I have recently returned from the Caribbean, well the Dominican Republic (DR) to be more specific, from what was a particularly satisfying highlight of my career working for Reef-World. I have been developing and supporting Green Fins since 2008 primarily in south east Asia, the Pacific, and the Indian Ocean. These are the main diving meccas of the world where most of the world’s diving tourists tend to learn, visit, and take their diving holidays. The waters generally have great visibility, the marine life is fantastic and the often the costs can be low too, all very attractive factors. However, other parts of the world such as the Red Sea or the Caribbean are also very popular dive locations and ones that I have not had the pleasure of working in.
And so when I was informed that Reef-World had been successful in securing funding through the Caribbean Environment Programme to introduce Green Fins to the DR, there was a little part of me that was questioning myself if the initiative was transferable enough to go to another region entirely. There was only one way to find out and head out there.
I was training up two members of staff from Reef Check DR, one from the Ministry of Environment and Natural Resources and one diver from the Auxiliary Navy. They were very welcoming and eager to know more about Green Fins and how it could be used to tackle the many issues they are currently experiencing with their 6.3 million annual tourists, many of which dive or snorkel on their reefs.
Before I start any of the training courses that I run, I go for a solo dive trip as a ‘tourist’ to get a better idea of the ground situation and the issues the dive centre are collectively facing. The morning of my dive I woke early and was thinking about the usual questions I ask and was thinking “What if there are no issues to the usual problems? What if they already implement the many suggestions that Green Fins proposes? Could we actually help?” I was already slightly aware of the problems they were facing from the months leading up to the training in the DR, but often the situation on the ground can be very different. In many ways I was hoping that there were no serious issues and that Green Fins would instead be able to focus on different issues to the regular ones such as hazardous waste disposal, anchoring issues, major damage from diver behaviour and instead focus on less problematic issues. Maybe we could have a zero impacting dive centre? Could the DR be the country that all others should follow?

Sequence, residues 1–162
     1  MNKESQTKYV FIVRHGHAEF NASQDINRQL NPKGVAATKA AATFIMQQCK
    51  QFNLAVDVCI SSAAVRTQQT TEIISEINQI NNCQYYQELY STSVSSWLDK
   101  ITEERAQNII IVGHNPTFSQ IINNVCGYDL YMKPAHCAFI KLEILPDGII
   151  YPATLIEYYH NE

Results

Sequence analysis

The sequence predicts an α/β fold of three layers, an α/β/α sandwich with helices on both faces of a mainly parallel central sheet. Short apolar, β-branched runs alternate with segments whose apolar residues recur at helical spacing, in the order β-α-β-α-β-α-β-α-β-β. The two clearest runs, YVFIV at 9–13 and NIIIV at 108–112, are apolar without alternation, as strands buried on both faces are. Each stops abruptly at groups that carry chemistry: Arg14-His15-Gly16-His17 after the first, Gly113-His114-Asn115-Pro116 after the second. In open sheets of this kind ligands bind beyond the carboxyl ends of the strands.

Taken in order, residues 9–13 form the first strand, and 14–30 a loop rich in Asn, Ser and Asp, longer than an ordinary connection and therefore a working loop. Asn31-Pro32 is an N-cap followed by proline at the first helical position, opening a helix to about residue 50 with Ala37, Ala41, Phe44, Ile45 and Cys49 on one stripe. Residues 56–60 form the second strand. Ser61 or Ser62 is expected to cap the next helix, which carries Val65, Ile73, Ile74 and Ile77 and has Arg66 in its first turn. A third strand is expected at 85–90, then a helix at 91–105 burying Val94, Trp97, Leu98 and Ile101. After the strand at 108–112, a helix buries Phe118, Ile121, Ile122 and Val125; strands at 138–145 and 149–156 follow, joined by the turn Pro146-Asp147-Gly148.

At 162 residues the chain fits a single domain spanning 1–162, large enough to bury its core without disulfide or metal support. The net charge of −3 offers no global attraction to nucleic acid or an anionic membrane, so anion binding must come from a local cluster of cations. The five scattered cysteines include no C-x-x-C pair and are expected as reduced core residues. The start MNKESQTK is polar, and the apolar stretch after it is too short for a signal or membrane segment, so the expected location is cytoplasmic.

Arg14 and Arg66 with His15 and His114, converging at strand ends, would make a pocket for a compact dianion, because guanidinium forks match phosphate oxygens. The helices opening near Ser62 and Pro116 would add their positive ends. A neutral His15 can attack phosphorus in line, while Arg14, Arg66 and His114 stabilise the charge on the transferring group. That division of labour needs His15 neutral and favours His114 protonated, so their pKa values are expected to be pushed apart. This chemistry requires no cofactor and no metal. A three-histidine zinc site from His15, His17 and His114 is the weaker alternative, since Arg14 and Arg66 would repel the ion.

When I finally got to the dive centre, I was immediately able to see the same issues from tourism just from the beach. The years of having millions of tourists visit the beach and reefs had left its trademarks. Litter, plastic, garbage, basura, call it what you want. It was there. When we got to reef, I was pleased to see permanent mooring buoys for the dive boats, but this is apparently not the case everywhere. Still a pleasant surprise.
After a hot trip out and kitting up with my new Fourth Element wetsuit made from recycling fishing nets (ok so that was an obvious plug but seriously, you should check it out. It’s a great comfy neoprene alternative suit), I was pleased to roll off the boat and into the familiar blue. It was great to be back on the reef, but it didn’t take long before the same sights I sadly see in Asia and beyond were also there. I could see the tell-tell sign corals that had been damaged from divers. I then saw a group of other divers coming into contact with the reef and breaking corals and gorgonian fans. I was hoping it would be different.
During the training weeks and meeting the dive centres and certifying the new Green Fins members, two things were apparent to me. It was obvious that the industry was very similar to other regions in the world, with the same issues and struggles and secondly, that Green Fins was easily replicable and transferable, able to provide solutions and alternatives to the same issues. I have every confidence that with time, Green Fins will be able to alleviate some of these pressures and will able to unite government, business, and NGO’s working in the region to work together on other issues such as enforcement, supporting regulations and encouraging more recycling and reducing the overall footprint of the industry.
Watch this space to see how the team in the DR get on and follow the Facebook page to see the new members in the DR coming onboard.